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Where in the World? Germany

By: Kathleen Tuck   Published 8:52 am / September 5, 2013

OLYMPUS DIGITAL CAMERABeret Norman, associate professor of German in the Department of World Languages, recently returned from teaching a course in Lüneburg, Germany, for the University Studies Abroad Consortium (USAC). Her course, “Berlin in East and West German Film,” focused on films made between 1946 and 1989 and the different ideological reasons to use the divided city as a setting.

The course was preceded by a four-day group tour of Berlin, and here is a picture of Boise State senior English/German major, Ariel Strasser (right), with Norman on the roof of the German Reichstag building in Berlin, where the German parliament meets. Behind them is architect Norman Foster’s glass dome (finished in 1999), which represents the transparency of German governance.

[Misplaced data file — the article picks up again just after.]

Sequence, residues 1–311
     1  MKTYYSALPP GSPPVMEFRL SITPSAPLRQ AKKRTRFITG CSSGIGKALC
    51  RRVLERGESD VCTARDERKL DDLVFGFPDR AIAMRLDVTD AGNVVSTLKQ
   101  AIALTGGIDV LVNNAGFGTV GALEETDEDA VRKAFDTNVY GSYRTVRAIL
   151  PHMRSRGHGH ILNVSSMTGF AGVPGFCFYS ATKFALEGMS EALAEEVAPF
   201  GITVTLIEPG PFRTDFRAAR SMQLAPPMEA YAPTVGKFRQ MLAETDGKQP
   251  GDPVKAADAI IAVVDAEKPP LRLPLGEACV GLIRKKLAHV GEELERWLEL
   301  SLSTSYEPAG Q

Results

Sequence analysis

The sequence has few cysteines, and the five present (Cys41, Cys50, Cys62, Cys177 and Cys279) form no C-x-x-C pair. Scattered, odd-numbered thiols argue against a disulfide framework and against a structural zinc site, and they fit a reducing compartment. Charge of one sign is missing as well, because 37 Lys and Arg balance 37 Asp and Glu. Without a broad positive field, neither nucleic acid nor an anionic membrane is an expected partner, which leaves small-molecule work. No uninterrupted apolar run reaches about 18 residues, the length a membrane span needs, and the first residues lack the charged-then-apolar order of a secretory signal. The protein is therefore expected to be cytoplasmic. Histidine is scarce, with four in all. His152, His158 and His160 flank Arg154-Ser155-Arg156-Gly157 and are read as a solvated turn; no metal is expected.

The course addressed the cultural, social and political importance of post-World War II Berlin until German reunification.

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A street in Lüneburg, Germany.

“Students had to research the Cold War to more fully understand the ideological references in the films — especially the East German films,” Norman said.

The USAC in Germany program has an outgoing staff that greatly assists visiting professors and USAC students. Lüneburg is a small city that attracts German tourists due to its medieval character. More information about teaching or studying abroad is available by contacting the International Learning Opportunities office on campus and by attending the Study Abroad Fair on Sept. 18 in the Student Union Atrium.